Paul Lunn joined up with Duncan Shea-Simmonds for their 3rd attempt at the Breca swim,run in Lake Buttermere. The pair came a fantastic 2nd overall in a time of 6:23:46, 17-minutes behind the winners but 22 minutes ahead of 3rd place in this very tough event (4 teams didn't finish). Coaches take the teams of two to the start at Derwent Hill. Wetsuits and whistles are compulsory. The event consists of 28-miles of swimming (in training shoes) and running (in wetsuits). 24-miles of running and 4-miles of swimming taking in Crummock Water, Buttermere and Derwent Water.

2nd. Paul Lunn and Duncan Shea-Simmonds 6:23:46.


The PACTRAC Standard Distance Triathlon was held at Oundle on Sunday.

swim 1800 yards - 36 lengths in Oundle Pool.

bike 30-miles. 3 laps around Glapthorn and tyhe Benefield's.

run 6.25 miles - out around Glapthorn and Cotterstock.

Jonathan Arnold led out of the swim but Mark Weathersby overtook him on
the bike. Mark was then caught by Jonny Hynes and the pair came into T2
together, before Mark pushed on, in the run to win by 4 3/4 minutes.
Dave Thorrold moved up to 3rd on the bike and held it, from Tony
Daniels in 4th. Georgina Jennings finished first lady, and in doing so,
took the ladies Club Championship Trophy.

Results are on

This was the final Club Championship event of the year with an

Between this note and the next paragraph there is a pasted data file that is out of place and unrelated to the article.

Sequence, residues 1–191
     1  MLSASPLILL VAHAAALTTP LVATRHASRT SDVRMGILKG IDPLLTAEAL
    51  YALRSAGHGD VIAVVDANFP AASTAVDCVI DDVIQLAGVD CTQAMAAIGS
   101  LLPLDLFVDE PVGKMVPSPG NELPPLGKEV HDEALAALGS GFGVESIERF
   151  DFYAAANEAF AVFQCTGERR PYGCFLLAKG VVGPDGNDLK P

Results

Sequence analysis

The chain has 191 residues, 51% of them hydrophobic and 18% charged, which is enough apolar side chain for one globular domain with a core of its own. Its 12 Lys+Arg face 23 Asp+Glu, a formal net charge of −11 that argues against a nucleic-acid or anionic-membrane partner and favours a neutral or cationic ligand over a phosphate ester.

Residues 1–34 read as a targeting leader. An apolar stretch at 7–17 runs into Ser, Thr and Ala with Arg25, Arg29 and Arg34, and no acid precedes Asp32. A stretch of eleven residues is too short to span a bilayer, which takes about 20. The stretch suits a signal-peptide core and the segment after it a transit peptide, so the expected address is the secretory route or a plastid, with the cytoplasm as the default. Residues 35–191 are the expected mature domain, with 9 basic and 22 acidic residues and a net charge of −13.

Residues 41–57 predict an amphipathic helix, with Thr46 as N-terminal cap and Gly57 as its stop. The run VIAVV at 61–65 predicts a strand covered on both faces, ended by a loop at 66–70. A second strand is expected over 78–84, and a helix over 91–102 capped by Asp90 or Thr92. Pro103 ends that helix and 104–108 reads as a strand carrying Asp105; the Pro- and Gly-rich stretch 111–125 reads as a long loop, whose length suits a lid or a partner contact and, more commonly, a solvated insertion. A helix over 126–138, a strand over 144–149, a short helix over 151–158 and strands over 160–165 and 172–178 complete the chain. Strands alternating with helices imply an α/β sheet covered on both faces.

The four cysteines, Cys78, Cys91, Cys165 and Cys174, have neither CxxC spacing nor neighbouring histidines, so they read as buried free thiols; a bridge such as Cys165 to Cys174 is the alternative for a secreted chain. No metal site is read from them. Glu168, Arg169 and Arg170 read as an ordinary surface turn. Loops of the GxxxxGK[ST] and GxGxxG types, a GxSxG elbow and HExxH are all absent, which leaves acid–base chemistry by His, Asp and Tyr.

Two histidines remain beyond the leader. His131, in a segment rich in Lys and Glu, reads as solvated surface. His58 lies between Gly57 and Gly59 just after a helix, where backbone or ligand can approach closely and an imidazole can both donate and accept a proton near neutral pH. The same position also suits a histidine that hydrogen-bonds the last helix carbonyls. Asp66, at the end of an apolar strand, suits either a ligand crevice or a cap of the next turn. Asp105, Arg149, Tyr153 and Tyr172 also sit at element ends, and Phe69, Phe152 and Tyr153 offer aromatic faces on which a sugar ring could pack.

athlete's best 3 results from 4 races taken into account.

Mark Weathersby completed his 3rd event and achieved the maximum points
of 300.

The Standard Distance Triathlon rather changed things in both the Men's
and Women's Club Championships.

Mark Weathersby and Tony Daniels completed their third events to jump
into 1st and 3rd, knocking Simon down to 2nd and the Steve's down to
4th and 5th.

1. Mark Weathersby.. 300.00
2. Simon Hoppe ....... 294.252
3. Tony Daniels ........ 282.807
4. Steve Hope .......... 278.401
5. Stephen Comber .. 271.892

In the Ladies Trophy, nobody completed the Mid-Distance in May, and
Georgina Jennings took full advantage to jump into first place today.

1. Georgina Jennings .. 210.768
2. Hannah Bassett ...... 174.575
3. Mariska Niemeijer ... 153.738
4. Sue Davys ............... 143.672

Jonathan Arnold improved his overall score to confirm the Junior Title.

1. Jonathan Arnold ..... 253.111

Georgina said: "I've been in Pactrac since 1992 and never won it!!!"

Well done to Mark, Georgina and Jonathan.


3 PACTRACers completed Ironman Copenhagen on Sunday. Louise Alexander
did a fantastic time in just over 12 hours, whilst Terry Murphy came
3rd in his Age Group (70-74). Terry started out on this journey in 2016
with a half-Ironman, entered the full Bolton Ironman last year, but
didn't start due to a leg injury, and this year he has put everything
into completing a full Ironman.


swim 2.4 miles.
bike 112 miles.
run 26.2 miles.,RML5B48C,RXL9E6UF

Terry Murphy 1:35:21 6:45:39 6:02:00 = 14:23:00 AG 3. A
pretty consistent pace throughout the bike section, with a pick-up
towards the end.

Louise Alexander 1:19:26 6:00:09 4:43:26 = 12:03:01 AG
30. A consistent bike split throughout.

Barry Ryan 1:19:07 6:13:14 4:49:37 = 12:21:58 AG 235.

Jonathan Ratcliffe swam the Kaiwi Channel from Molokai to Oahu in
Hawaii on Sunday. Only 60 swimmers have
swum this solo - 61 now. It's 29 miles across and one of the "Big
Severn" swims in the whole wide world and took Jonathan 14:09 hours.
For 29 miles that's an average of 29:12 minutes odd for each mile.